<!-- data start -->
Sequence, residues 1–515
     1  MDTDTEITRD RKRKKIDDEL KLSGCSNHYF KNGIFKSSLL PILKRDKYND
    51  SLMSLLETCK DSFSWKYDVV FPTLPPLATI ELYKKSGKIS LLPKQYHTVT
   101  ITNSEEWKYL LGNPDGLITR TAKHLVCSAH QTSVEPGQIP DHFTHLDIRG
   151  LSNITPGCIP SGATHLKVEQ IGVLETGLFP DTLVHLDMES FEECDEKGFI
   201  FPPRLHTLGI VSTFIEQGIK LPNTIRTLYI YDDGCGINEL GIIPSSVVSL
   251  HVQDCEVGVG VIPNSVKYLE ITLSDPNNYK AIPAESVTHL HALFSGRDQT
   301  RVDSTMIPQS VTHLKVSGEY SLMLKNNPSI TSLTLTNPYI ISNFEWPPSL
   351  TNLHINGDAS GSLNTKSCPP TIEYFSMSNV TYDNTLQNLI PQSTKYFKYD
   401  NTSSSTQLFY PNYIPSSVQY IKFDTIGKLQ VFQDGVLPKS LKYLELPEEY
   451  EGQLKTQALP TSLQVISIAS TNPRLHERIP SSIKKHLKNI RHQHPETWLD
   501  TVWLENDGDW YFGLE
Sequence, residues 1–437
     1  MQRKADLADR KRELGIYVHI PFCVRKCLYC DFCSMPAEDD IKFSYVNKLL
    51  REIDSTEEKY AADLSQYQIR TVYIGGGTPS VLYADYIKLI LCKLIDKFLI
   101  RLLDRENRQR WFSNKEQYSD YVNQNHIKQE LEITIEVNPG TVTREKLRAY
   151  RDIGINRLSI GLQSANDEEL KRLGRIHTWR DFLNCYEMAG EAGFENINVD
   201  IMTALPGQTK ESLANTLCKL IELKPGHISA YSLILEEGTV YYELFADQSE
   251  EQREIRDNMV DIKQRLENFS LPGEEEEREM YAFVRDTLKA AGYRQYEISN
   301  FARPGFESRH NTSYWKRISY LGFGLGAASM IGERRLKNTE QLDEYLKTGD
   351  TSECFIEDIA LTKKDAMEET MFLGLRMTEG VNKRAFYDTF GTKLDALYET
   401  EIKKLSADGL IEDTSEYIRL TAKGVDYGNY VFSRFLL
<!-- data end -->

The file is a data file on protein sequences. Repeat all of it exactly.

Sequence, residues 1–515
     1  MDTDTEITRD RKRKKIDDEL KLSGCSNHYF KNGIFKSSLL PILKRDKYND
    51  SLMSLLETCK DSFSWKYDVV FPTLPPLATI ELYKKSGKIS LLPKQYHTVT
   101  ITNSEEWKYL LGNPDGLITR TAKHLVCSAH QTSVEPGQIP DHFTHLDIRG
   151  LSNITPGCIP SGATHLKVEQ IGVLETGLFP DTLVHLDMES FEECDEKGFI
   201  FPPRLHTLGI VSTFIEQGIK LPNTIRTLYI YDDGCGINEL GIIPSSVVSL
   251  HVQDCEVGVG VIPNSVKYLE ITLSDPNNYK AIPAESVTHL HALFSGRDQT
   301  RVDSTMIPQS VTHLKVSGEY SLMLKNNPSI TSLTLTNPYI ISNFEWPPSL
   351  TNLHINGDAS GSLNTKSCPP TIEYFSMSNV TYDNTLQNLI PQSTKYFKYD
   401  NTSSSTQLFY PNYIPSSVQY IKFDTIGKLQ VFQDGVLPKS LKYLELPEEY
   451  EGQLKTQALP TSLQVISIAS TNPRLHERIP SSIKKHLKNI RHQHPETWLD
   501  TVWLENDGDW YFGLE
Sequence, residues 1–437
     1  MQRKADLADR KRELGIYVHI PFCVRKCLYC DFCSMPAEDD IKFSYVNKLL
    51  REIDSTEEKY AADLSQYQIR TVYIGGGTPS VLYADYIKLI LCKLIDKFLI
   101  RLLDRENRQR WFSNKEQYSD YVNQNHIKQE LEITIEVNPG TVTREKLRAY
   151  RDIGINRLSI GLQSANDEEL KRLGRIHTWR DFLNCYEMAG EAGFENINVD
   201  IMTALPGQTK ESLANTLCKL IELKPGHISA YSLILEEGTV YYELFADQSE
   251  EQREIRDNMV DIKQRLENFS LPGEEEEREM YAFVRDTLKA AGYRQYEISN
   301  FARPGFESRH NTSYWKRISY LGFGLGAASM IGERRLKNTE QLDEYLKTGD
   351  TSECFIEDIA LTKKDAMEET MFLGLRMTEG VNKRAFYDTF GTKLDALYET
   401  EIKKLSADGL IEDTSEYIRL TAKGVDYGNY VFSRFLL